Acupuncture ameliorated skeletal muscle atrophy induced by hindlimb suspension in mice

Akiko Onda, Qibin Jiao, Yasuharu Nagano, Takayuki Akimoto, Toshikazu Miyamoto, Susumu Minamisawa, Toru Fukubayashi

Research output: Contribution to journalArticle

23 Citations (Scopus)

Abstract

Preventing skeletal muscle atrophy is critical for maintaining quality of life, but it is often a challenging goal for the elderly and patients with severe conditions. We hypothesized that acupuncture in place of exercise training is an alternative non-pharmacological intervention that can help to prevent muscle atrophy. To elucidate the effects of acupuncture on skeletal muscle atrophy caused by hindlimb suspension (HS), we performed acupuncture on mice according to two different methods: acupuncture with electrical stimulation (EA: electroacupuncture) and without electrical stimulation (MA: manual acupuncture). A needle was retained in the gastrocnemius muscle for 30 min every day for 2 weeks in the EA and MA groups. In the EA group, 30 min of repetitive electrical stimulation (1. Hz, 1 ms pulse width, 6.5. mA intensity) was also applied. HS significantly reduced muscle mass and the cross-sectional area of the soleus muscles. This HS-induced reduction was significantly improved in the EA group, although the level of improvement remained insufficient when compared with the control group. We found that the mRNA expression levels of atrogin-1 and MuRF1, which play a principal role in muscle-specific degradation as E3 ubiquitin ligases, were significantly increased in the HS group compared to the control group. EA and MA reduced the HS-induced upregulation of atrogin-1 (p<. 0.01 in EA and MA) and MuRF1 (p<. 0.01 in EA) mRNAs. We also found that the expression levels of PI3K, Akt1, TRPV4, adenosine A1 receptor, myostatin, and SIRT1 mRNAs tended to be increased by HS. EA and MA further increased the HS-induced upregulation of Akt1 (p<. 0.05 in MA) and TRPV4 (p<. 0.05 in MA) mRNAs. We concluded that acupuncture partially prevented skeletal muscle atrophy. This effect might be due to an increase in protein synthesis and a decrease in protein degradation.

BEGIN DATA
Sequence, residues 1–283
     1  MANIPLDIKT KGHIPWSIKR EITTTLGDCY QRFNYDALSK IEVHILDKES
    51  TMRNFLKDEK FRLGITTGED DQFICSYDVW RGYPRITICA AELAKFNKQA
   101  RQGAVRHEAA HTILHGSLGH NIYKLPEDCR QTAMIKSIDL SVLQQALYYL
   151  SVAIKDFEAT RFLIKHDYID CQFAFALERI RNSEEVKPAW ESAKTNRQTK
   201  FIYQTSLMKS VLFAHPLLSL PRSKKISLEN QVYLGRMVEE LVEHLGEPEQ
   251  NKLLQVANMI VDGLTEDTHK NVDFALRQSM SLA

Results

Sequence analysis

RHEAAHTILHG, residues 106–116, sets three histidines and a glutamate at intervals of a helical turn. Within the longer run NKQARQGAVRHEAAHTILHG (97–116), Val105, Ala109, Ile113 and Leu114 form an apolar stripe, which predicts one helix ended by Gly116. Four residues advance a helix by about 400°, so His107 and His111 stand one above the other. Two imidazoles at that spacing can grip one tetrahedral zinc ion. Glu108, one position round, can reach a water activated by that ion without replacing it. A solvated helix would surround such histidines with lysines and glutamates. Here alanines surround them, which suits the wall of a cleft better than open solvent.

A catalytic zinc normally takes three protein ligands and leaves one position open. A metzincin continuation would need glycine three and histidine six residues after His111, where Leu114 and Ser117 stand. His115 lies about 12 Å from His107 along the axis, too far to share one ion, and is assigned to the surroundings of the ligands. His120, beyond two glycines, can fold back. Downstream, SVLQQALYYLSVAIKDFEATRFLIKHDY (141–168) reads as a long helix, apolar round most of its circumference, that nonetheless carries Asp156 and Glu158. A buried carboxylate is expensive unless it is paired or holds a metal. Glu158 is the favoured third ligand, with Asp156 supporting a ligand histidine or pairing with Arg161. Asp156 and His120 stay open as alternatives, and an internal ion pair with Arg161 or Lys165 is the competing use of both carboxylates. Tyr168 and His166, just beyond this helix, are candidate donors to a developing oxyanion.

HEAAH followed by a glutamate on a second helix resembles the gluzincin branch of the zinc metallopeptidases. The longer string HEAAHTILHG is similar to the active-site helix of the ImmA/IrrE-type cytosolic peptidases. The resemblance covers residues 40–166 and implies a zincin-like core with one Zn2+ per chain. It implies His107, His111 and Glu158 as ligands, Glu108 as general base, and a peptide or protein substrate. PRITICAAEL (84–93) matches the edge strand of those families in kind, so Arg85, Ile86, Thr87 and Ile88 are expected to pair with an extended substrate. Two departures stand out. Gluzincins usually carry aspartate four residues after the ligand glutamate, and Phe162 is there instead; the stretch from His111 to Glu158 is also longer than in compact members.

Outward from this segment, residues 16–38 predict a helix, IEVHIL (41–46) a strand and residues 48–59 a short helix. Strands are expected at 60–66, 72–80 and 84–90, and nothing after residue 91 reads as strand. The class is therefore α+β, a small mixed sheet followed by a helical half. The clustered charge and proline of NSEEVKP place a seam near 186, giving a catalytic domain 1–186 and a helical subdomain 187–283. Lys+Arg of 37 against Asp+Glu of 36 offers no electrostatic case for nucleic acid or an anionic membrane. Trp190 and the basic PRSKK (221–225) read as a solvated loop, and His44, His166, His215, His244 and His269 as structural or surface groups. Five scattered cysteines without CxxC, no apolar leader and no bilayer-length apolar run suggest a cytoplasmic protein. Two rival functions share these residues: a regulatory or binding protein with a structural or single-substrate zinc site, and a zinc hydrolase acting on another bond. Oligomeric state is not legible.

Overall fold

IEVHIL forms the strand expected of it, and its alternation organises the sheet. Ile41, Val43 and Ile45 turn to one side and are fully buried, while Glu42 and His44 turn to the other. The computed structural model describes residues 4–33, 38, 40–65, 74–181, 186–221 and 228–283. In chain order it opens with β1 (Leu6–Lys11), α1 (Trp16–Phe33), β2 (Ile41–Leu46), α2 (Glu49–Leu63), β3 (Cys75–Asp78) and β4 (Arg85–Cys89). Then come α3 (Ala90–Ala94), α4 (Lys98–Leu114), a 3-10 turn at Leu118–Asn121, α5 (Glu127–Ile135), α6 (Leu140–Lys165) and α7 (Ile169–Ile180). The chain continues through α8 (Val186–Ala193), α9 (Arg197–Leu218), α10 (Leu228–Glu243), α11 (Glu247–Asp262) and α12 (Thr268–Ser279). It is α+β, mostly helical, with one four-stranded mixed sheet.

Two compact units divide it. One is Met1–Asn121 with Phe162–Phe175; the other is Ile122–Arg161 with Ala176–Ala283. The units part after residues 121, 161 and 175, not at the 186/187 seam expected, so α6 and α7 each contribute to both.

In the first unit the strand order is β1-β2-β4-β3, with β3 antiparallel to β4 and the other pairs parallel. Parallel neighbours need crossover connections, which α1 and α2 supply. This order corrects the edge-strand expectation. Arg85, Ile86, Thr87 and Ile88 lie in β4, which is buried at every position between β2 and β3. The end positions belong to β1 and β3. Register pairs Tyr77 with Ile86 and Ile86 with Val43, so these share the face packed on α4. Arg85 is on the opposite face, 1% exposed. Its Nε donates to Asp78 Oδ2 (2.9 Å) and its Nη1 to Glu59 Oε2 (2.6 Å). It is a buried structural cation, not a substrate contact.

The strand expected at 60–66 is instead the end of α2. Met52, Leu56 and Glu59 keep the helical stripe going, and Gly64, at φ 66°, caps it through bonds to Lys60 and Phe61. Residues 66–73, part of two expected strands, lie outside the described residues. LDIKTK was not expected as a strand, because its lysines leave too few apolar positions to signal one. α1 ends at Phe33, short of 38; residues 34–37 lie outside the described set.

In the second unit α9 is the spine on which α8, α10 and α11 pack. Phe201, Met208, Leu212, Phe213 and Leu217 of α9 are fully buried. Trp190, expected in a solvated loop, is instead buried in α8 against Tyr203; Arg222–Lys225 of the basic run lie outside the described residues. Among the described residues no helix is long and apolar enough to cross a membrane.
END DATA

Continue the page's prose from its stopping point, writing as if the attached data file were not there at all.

Original languageEnglish
Pages (from-to)434-439
Number of pages6
JournalBiochemical and Biophysical Research Communications
Volume410
Issue number3
DOIs
Publication statusPublished - 2011 Jul 8
Externally publishedYes

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Keywords

  • Atrogin-1
  • Electroacupuncture
  • MuRF1
  • Proteolysis
  • Skeletal muscle atrophy

ASJC Scopus subject areas

  • Biochemistry
  • Biophysics
  • Cell Biology
  • Molecular Biology

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